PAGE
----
Must be a typo or something because that isn't even close to being true.

Doesn't apply when the screener and trailing player are moving in the same path and direction. -- edit: true, but not applicable.

(Both with the caveat that I didn't watch the video and I don't know NBA rules -- the second comment, especially, is based on NCAA and (I think) FED.)

Edit: Now I've seen the video. It was a point raised last season in NCAAW (I forget whether it was really a POE or not) about BHDs setting illegal screens (usually a non-dribbler pivoting onto the screen). I agree that we will see more of it and that it should be a foul on the offense.

Last edited by bob jenkins; Thu May 03, 2018 at 01:42pm.
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Old Thu May 03, 2018, 01:42pm
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in this case I think it should be a PC on Harden. He deliberately made contact when it could have been avoided. But...of course players do that all the time to get the block call when they see the defender is not in position. Still PC for me

imagine if Harden did not see Ingles and it was a clear accident. No call I presume. Both coaches would be yelling for a foul but then they would come to their senses and everything would be merry, filled with jolly jowels and busty bees.
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Old Thu May 03, 2018, 02:01pm
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Quote:
Originally Posted by Raymond View Post
It's definitely not a block. If on the defense, it would be a push.
Ha, correct poor wording but interested in the situation. I actually had this happen about a week ago around half court when I was the trail. Fortunately my partner came from the end line as the lead out to call a block. We have already discussed the AAU games and atmosphere so I subjected myself to this.
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Old Thu May 03, 2018, 02:43pm
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Quote:
Originally Posted by bob jenkins View Post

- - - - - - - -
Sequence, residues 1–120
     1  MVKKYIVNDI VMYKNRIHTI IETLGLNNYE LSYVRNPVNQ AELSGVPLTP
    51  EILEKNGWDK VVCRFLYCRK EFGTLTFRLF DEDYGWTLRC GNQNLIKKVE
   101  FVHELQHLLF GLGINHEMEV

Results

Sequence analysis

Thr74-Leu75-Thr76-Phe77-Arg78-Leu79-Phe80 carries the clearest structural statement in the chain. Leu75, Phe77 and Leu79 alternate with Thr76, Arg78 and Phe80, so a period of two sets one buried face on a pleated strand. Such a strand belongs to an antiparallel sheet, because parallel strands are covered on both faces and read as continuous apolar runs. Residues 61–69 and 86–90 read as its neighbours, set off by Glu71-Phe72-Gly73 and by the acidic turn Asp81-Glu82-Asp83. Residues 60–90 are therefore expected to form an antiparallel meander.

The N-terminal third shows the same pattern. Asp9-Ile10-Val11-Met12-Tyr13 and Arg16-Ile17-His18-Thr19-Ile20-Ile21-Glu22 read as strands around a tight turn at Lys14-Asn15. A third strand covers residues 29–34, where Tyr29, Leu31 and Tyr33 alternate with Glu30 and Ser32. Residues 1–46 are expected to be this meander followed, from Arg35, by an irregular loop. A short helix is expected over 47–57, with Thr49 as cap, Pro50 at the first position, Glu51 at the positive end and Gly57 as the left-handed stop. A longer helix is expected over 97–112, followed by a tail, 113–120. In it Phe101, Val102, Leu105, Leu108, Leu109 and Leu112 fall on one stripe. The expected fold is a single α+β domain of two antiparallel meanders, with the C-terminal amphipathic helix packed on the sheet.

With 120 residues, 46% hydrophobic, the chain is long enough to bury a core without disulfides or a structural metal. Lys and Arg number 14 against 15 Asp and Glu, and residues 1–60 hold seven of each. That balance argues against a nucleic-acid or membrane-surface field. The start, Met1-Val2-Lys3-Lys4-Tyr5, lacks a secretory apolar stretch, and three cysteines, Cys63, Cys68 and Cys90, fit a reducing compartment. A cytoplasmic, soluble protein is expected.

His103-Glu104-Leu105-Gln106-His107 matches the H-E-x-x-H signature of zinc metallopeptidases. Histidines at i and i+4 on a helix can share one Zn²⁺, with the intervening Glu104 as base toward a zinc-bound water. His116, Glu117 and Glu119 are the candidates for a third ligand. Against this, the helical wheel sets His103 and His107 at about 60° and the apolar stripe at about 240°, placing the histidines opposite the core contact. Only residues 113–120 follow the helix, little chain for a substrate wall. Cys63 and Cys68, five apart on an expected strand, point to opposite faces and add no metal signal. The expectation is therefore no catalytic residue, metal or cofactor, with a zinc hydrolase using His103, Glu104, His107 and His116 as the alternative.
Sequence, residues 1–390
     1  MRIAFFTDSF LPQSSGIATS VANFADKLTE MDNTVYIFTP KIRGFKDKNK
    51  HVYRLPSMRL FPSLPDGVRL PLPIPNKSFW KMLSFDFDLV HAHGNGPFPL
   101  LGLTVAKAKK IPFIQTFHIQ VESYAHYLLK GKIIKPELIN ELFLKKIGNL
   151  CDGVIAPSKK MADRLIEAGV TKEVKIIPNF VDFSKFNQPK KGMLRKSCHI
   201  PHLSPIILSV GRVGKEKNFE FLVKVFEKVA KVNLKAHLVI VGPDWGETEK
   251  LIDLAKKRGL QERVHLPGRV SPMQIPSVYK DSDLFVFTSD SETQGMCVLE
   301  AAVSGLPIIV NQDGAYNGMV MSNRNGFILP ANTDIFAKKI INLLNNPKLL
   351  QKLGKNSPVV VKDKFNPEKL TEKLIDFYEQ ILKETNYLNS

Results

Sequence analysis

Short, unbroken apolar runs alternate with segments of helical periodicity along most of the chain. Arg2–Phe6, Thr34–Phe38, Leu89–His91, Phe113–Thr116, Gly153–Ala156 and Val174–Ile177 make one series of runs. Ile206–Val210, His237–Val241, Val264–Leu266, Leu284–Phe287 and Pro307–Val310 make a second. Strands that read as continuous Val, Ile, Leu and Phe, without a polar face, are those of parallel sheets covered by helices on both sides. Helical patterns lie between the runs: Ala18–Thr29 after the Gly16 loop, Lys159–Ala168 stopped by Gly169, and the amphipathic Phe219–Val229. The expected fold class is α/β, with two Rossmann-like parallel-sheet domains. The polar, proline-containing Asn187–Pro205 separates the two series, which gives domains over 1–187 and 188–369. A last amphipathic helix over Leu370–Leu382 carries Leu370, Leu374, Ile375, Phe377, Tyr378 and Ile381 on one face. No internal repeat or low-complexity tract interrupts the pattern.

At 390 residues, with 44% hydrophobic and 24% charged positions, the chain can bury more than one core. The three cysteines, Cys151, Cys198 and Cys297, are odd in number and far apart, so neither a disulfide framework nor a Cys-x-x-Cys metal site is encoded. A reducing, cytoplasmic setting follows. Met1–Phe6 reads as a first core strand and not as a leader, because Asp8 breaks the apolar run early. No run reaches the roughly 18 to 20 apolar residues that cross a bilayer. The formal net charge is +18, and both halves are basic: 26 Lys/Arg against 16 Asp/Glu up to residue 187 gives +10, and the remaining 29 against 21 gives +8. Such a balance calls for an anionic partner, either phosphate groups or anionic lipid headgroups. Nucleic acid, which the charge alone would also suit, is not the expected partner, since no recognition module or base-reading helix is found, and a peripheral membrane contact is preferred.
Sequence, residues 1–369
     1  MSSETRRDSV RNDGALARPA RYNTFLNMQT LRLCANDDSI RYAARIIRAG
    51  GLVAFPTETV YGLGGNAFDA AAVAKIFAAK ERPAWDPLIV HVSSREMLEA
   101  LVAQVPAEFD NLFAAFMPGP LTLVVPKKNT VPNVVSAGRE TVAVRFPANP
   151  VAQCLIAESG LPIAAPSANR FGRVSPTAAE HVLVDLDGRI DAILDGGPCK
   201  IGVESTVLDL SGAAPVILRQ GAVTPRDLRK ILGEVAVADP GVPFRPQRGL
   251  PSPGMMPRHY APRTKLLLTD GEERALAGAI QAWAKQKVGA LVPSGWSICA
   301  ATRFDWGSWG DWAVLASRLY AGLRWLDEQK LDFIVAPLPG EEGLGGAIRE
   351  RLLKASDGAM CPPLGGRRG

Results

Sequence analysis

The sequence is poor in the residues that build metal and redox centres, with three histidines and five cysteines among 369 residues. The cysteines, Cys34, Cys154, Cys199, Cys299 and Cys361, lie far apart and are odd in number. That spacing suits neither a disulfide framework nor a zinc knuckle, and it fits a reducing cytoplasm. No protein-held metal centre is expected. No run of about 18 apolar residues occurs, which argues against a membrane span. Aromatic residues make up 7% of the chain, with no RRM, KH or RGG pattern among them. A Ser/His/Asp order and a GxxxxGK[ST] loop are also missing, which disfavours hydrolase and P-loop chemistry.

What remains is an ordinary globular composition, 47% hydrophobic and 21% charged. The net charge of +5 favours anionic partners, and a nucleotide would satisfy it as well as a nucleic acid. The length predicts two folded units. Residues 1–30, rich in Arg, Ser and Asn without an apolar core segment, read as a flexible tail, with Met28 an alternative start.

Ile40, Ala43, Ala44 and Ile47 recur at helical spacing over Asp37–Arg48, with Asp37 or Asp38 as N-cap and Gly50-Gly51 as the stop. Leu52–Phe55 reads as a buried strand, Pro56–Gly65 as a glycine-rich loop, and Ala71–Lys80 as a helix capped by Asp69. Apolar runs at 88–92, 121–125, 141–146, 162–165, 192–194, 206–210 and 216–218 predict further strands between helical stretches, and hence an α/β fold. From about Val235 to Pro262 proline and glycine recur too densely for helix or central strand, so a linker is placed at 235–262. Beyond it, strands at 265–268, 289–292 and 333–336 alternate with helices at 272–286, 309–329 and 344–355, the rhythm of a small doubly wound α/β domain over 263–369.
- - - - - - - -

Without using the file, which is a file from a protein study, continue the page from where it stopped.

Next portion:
Must be a typo or something because that isn't even close to being true.

Doesn't apply when the screener and trailing player are moving in the same path and direction. -- edit: true, but not applicable.

(Both with the caveat that I didn't watch the video and I don't know NBA rules -- the second comment, especially, is based on NCAA and (I think) FED.)

Edit: Now I've seen the video. It was a point raised last season in NCAAW (I forget whether it was really a POE or not) about BHDs setting illegal screens (usually a non-dribbler pivoting onto the screen). I agree that we will see more of it and that it should be a foul on the offense.
OK. If the defender is in LGP (or LGP does not apply, as it would not in this play), or the dribbler is trying to squeeze between defender and sideline, or two defenders, the dribbler is responsible for avoiding illegal contact. In this situation, LGP does not apply, because the defender is behind the dribbler, and trying to return to his end of the court. Because of Harden's hard stop, contact occurs. Ingles could not have altered his path with sufficient time to avoid contact, because both he and Harden were traveling in the same direction with (approximately) the same speed, and would not have made contact if Harden did not stop. Because Harden was (indirectly) responsible for the contact, he should be called for a player control foul, no matter how unpopular the call might be.